11. Meeting Space. Get rid of all that book warehouse space and turn it into community meeting space, which is sorely lacking in most towns and cities. The space can be used for traditional book release events and signings but also for readings by local and other authors, kids’ book events, and so on. This should be a large community space, not a cramped aisle between shelves with a few chairs crammed in. Big and open (though surrounded by books) with comfortable (padded) folding chairs. The space should be configured so it can be redeployed, perhaps with sales tables on wheels when not in use. Prairie Lights in Iowa City does a good job of this.
  12. Even More Meeting Space. Have meeting rooms that can be used by community groups such as book clubs and writers groups. Simple, airy with chairs and a few tables.  If the inevitable coffee shop is nearby, require a minimum purchase to pay the rent. This makes the bookstore a genuine community center that people feel is an important part of their lives, not merely a warehouse of overpriced books.
  13. Programs for readers. Book reviewers and staff give presentations of the latest “beach read” or thriller, for example. Book clubs are organized around a selected volume announced in advance and discussed in open forum. Local authors tout their works. There should be at least two such events every day of the week for all levels and categories of readers, including a few in alternate languages such as Spanish, or whatever is appropriate for the surrounding community.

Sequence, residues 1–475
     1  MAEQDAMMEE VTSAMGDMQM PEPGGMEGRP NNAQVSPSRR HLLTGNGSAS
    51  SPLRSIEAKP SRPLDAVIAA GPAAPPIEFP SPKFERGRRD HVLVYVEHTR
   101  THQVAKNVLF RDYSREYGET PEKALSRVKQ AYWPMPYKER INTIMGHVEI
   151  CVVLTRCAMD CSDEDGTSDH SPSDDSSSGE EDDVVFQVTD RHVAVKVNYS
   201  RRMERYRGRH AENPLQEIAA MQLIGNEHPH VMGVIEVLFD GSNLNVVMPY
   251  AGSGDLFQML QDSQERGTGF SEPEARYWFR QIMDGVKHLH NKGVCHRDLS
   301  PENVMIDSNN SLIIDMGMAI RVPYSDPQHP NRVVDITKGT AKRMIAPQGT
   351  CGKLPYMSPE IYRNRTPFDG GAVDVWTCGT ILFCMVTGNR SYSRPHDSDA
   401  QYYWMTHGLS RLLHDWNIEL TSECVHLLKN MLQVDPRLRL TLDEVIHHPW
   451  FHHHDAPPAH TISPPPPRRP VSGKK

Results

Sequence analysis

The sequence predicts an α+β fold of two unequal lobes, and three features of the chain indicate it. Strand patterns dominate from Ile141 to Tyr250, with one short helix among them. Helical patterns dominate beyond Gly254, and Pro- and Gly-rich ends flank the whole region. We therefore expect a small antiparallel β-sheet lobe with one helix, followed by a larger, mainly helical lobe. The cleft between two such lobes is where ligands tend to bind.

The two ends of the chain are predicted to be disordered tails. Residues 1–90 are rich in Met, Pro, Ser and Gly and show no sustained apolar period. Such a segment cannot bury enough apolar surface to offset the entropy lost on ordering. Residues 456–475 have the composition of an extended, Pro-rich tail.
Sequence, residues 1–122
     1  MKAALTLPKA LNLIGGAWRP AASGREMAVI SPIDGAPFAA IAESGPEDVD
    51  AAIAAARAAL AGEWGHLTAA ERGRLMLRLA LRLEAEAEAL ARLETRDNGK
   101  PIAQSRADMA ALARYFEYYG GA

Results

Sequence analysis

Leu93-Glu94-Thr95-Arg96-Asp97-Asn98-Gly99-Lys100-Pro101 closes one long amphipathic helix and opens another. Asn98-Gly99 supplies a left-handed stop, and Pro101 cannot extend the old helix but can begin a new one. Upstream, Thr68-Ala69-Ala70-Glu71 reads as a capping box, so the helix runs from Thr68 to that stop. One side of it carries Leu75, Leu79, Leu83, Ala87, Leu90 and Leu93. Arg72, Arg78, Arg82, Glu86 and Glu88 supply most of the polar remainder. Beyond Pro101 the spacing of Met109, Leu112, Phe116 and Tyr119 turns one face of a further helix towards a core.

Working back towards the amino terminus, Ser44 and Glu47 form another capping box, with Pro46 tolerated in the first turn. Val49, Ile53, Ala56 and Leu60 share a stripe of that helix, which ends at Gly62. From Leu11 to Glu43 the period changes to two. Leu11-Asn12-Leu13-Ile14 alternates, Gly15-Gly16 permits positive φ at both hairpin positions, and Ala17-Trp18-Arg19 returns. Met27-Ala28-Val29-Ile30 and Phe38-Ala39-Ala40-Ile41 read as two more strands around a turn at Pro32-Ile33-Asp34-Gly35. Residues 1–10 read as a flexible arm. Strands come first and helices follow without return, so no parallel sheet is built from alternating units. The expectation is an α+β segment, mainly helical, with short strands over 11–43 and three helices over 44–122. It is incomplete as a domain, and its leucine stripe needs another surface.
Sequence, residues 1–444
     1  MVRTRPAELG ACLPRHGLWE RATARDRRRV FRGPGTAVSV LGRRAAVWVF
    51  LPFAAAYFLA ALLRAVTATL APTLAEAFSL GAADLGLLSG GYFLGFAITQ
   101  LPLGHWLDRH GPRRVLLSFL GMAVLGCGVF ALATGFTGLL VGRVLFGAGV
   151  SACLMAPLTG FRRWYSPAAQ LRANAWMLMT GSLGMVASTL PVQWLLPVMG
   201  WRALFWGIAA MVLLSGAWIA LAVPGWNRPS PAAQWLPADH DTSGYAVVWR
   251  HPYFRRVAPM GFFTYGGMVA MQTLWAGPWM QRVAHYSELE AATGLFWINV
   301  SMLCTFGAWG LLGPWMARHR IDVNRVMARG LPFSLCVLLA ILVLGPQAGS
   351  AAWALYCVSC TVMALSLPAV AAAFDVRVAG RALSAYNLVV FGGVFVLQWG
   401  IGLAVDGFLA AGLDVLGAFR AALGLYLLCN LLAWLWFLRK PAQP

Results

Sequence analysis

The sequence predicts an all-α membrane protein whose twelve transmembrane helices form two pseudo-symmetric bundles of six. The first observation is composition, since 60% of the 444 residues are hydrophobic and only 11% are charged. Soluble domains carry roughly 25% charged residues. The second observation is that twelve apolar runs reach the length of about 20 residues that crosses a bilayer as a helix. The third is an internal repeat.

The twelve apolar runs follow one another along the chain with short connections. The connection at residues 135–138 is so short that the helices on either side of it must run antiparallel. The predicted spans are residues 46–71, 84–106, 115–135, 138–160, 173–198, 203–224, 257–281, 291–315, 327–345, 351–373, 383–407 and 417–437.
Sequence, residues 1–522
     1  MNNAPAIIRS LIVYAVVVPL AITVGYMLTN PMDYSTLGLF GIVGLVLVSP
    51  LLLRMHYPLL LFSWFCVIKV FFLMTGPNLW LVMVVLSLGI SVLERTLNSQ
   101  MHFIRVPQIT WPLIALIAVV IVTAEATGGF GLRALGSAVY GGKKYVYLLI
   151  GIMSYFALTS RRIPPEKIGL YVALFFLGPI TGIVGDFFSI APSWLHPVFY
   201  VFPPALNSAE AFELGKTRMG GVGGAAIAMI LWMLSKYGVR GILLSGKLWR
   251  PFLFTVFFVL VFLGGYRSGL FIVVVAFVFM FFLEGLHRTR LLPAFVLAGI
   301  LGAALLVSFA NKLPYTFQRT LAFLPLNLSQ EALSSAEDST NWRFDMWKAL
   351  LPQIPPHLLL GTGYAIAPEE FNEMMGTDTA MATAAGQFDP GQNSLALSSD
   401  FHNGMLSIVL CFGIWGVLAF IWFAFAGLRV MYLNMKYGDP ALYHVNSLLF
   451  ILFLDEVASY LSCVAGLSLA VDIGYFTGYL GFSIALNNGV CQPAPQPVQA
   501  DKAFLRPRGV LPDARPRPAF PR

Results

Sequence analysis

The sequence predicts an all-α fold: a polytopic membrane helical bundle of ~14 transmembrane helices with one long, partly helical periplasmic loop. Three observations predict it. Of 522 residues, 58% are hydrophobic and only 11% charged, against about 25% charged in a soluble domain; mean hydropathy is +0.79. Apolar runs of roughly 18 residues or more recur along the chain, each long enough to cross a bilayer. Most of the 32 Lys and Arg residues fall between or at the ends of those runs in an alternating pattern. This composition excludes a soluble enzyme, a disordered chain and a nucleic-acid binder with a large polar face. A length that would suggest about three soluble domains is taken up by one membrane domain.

14. Programs for writers. Experts (who usually have a book to sell) talk about the craft of writing and provide instruction and maybe even writing time, maybe even critique, focusing on all levels of craft for all levels of writers. Writing contests are announced and judged and winners are honored and interviewed. At least two writing  events every day of the week for all ages, all genres.
  15. Programs for literacy. Experts and local activists promote literacy outreach in the community by staging organizing events and instruction for volunteers to bring books, readings and storytelling to schools, prisons, nursing homes, hospitals, neighborhoods. At least one event like this every week.
  16. Movie tie-in programs. Movies can be a gateway to books. A screening, or at least a review with clips, can be a draw that sells books on correlated topics. Works the same for theater. Especially good with documentaries.

The goal of the “Programs” above is to integrate the bookstore into the lives of its community members. (People have actually gotten married in the Strand Bookstore). The main goal is NOT to sell books at those events because that will result in “events” featuring mainly kittens, sunsets, trains and planes, self-help and sentimental fiction. It might be easier to sell books on those topics but that does not accomplish the goal of integrating the bookstore into the community, where long-term loyalty lies. Okay maybe that’s elitist. One “kitten” topic a quarter could be allowed.